• Vegetables- artichokes, asparagus, bell peppers, bok choy, broccoli, cabbage, celery, cucumbers, edamame, green beans, green peas, greens (e.g., lettuce, kale, spinach), okra, herbs (e.g., rosemary), snow peas

  • Phytonutrients- catechins, chlorogenic acid, chlorophyll, epigallocatechin gallate, flavonoids, folates, glucosinolates, isoflavones, isothiocyanates, L-theanine, nitrates, oleocanthal, oleuropein, phytosterols, silymarin, sulforaphane, tannins, theaflavins, tyrosol, vitexin

  • Benefits- prevents cell damage, supports the cardiovascular system, aids immune function, may improve mood

Blue and Purple:

  • Fruits- blackberries, blueberries, figs, prunes, purple grapes, plums

  • Vegetables- eggplant, purple carrots, purple potatoes, radicchio

  • Phytonutrients- anthocyanidins, flavonoids, phenolic acids, proanthocyanidins, pterostilbene, resveratrol, stilbenes

  • Benefits- prevents cell damage, supports brain health, anti-inflammatory, helps fight cancer, and anti-aging properties


  • Fruits- dates

  • Vegetables- cauliflower, daikon radish, garlic, jicama, leeks, mushrooms, onions, parsnips, potatoes, shallots

  • Phytonutrients- allicin, quercetin, sulforaphane

  • Benefits- helps fight cancer, protects the cardiovascular system, and prevents bone loss

*Note: The information above should be used as a guide and not a rule. Many plant foods contain more than one color pigment. Exceptions are common. While emerging research is promising, the recommendations above are not meant to be used to treat or cure medical conditions.

Just as there is a low intake of fruits and vegetables in general, it is not surprising that there is a low intake of phytonutrients. The low intake of phytonutrients is called the “phytonutrient gap.” According to the Nutrilite Health Institute, Americans (between 69% and 88%) are not eating enough of any of the phytonutrient color categories. To fill the gap and reap the maximum benefits of phytonutrients, it is recommended that you consume 1-2 servings of each color fruit or vegetable daily.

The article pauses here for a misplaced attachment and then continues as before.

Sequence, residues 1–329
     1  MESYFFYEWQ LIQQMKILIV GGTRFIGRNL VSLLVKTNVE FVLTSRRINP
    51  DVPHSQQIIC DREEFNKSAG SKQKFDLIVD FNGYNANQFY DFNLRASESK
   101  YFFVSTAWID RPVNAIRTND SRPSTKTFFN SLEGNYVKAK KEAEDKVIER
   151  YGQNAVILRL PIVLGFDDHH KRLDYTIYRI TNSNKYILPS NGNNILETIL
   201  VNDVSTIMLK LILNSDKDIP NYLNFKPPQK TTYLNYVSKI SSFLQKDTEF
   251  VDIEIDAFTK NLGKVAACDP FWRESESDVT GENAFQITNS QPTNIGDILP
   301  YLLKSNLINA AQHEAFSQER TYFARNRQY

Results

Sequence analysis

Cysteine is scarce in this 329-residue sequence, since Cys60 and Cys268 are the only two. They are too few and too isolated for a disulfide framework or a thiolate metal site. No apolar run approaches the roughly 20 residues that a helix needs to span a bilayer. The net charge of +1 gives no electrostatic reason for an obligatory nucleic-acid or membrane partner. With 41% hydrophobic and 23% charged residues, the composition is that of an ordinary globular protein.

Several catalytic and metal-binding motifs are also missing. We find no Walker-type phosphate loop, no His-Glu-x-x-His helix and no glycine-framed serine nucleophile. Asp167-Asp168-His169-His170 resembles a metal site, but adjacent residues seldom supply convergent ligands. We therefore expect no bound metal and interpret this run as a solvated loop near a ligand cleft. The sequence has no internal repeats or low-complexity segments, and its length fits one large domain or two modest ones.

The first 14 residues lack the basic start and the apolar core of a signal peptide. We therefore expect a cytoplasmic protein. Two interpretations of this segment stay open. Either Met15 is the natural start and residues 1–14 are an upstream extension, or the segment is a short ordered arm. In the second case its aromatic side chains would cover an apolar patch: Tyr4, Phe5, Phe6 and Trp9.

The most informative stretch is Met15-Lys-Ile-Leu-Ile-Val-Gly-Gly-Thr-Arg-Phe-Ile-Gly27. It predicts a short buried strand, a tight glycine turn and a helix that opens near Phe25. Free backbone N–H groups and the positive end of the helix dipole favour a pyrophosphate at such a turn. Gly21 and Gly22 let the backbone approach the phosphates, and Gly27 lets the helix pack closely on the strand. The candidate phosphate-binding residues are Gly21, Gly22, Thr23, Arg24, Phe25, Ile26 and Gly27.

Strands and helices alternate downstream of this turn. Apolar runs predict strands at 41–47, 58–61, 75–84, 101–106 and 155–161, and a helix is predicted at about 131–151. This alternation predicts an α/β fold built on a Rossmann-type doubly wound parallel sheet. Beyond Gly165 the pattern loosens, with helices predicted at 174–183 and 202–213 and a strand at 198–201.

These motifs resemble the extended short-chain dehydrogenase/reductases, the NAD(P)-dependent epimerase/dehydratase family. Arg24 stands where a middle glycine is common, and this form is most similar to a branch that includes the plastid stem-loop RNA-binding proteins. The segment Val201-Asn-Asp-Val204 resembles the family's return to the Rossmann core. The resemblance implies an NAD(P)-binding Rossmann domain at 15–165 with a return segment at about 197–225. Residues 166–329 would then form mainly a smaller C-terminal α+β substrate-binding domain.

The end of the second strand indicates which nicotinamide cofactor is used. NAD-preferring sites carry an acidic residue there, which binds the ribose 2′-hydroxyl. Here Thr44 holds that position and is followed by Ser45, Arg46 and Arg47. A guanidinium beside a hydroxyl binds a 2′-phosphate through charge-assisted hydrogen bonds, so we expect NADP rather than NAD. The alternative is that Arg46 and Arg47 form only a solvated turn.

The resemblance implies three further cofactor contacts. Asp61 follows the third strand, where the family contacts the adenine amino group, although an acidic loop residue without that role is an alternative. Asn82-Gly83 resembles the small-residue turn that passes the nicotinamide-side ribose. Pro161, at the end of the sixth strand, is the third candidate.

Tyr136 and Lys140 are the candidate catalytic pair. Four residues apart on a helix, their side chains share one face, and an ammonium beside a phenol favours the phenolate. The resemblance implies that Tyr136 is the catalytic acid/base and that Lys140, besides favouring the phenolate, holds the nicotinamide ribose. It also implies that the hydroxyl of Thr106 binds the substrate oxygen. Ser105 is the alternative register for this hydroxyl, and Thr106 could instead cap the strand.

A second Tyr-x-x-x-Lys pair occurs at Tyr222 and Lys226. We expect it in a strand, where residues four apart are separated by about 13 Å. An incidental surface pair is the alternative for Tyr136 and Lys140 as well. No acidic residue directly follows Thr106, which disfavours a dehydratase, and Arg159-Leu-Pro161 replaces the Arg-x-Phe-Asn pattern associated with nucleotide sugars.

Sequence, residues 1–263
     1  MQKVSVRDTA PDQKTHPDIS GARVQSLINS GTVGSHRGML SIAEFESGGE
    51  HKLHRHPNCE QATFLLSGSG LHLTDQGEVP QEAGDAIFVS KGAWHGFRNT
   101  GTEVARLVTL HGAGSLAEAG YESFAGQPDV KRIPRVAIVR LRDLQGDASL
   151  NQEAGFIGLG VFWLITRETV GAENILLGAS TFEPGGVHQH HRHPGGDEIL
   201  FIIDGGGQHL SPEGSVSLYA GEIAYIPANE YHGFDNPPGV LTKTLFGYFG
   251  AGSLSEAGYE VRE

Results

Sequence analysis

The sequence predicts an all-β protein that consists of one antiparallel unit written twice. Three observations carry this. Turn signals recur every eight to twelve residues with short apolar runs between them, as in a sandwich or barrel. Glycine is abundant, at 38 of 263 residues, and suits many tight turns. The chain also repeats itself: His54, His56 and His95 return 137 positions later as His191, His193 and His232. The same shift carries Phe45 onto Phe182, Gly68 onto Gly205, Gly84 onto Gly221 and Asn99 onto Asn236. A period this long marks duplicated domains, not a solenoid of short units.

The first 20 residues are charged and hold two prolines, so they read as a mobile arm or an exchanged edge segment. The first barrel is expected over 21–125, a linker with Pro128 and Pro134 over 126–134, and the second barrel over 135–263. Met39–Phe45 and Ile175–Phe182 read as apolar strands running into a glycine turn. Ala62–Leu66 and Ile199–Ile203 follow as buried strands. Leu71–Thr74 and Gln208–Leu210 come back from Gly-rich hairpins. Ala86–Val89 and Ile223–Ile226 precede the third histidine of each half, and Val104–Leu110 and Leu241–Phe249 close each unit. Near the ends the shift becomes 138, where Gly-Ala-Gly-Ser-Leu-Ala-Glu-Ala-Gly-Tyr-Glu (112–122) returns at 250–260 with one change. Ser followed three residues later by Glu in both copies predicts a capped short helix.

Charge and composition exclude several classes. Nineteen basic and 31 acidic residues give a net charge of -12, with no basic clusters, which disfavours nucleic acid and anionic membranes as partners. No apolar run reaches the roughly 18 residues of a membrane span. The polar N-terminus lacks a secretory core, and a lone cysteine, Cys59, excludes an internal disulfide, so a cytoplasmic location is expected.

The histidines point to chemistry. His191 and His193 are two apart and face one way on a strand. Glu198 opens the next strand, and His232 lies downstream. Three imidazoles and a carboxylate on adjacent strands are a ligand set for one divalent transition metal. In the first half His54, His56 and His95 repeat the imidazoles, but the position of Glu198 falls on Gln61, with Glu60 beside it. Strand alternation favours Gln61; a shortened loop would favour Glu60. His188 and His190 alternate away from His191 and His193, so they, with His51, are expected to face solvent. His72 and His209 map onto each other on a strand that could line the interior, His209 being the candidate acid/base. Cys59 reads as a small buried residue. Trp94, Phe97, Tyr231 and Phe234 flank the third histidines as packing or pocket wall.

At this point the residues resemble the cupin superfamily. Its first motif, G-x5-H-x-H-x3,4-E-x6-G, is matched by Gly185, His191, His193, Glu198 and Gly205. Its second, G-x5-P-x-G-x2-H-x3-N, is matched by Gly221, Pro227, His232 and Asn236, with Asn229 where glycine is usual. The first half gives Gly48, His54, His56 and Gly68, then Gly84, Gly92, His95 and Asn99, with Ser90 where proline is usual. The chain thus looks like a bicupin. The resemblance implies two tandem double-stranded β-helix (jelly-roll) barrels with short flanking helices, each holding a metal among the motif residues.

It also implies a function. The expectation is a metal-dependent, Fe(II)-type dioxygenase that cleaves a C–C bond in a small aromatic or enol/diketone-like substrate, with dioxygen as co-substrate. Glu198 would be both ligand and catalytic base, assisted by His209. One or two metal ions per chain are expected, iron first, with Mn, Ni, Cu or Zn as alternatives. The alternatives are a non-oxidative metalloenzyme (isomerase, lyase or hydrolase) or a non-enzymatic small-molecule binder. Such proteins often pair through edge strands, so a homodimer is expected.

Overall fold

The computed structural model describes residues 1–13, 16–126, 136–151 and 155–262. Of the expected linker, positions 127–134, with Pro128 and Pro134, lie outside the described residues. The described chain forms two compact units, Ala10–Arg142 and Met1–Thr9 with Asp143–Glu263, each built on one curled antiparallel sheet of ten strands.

Tips for increasing phytonutrient intake:

  1. Keep ready-to-eat fruits and vegetable handy and visible for snacking

  2. Use herbs instead of salt

  3. Make half your plate fruits and/or vegetables

  4. Choose at least 2 colors per meal

  5. Assemble a colorful fruit and/or vegetable salad to eat as an appetizer or entrée

  6. Be creative; add plants to sandwiches, cereals, soups, casseroles and other dishes for color, texture, and added flavor

  7. Don’t like fruits and vegetables? find ways to hide them in your favorite dishes (the internet is your friend)

  8. Utilize canned, dried, and frozen plant foods in addition to fresh

If you or anyone you know cannot afford or do not have access to fruit and vegetables, you can find your local food bank or affiliates here, or you can seek assistance here and here.

Want to dive further into plant-based eating?

Visit all plant-based recipes here.

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Greetings! My name is Mary Pittman. I am currently enrolled in Georgia State University’s Coordinated Nutrition Program. Someday soon, I will be a registered dietitian with a Master’s degree! I have worked in a hospital for six years, four of which were in the ICU. I have worked with hundreds of patients and have seen many illnesses. Many illnesses can be treated and prevented by a healthy lifestyle. It is my dream to learn how to help people who struggle to find a healthier way to live. My other interests include painting, playing my violin, and learning Harry Potter trivia (sorry, not sorry).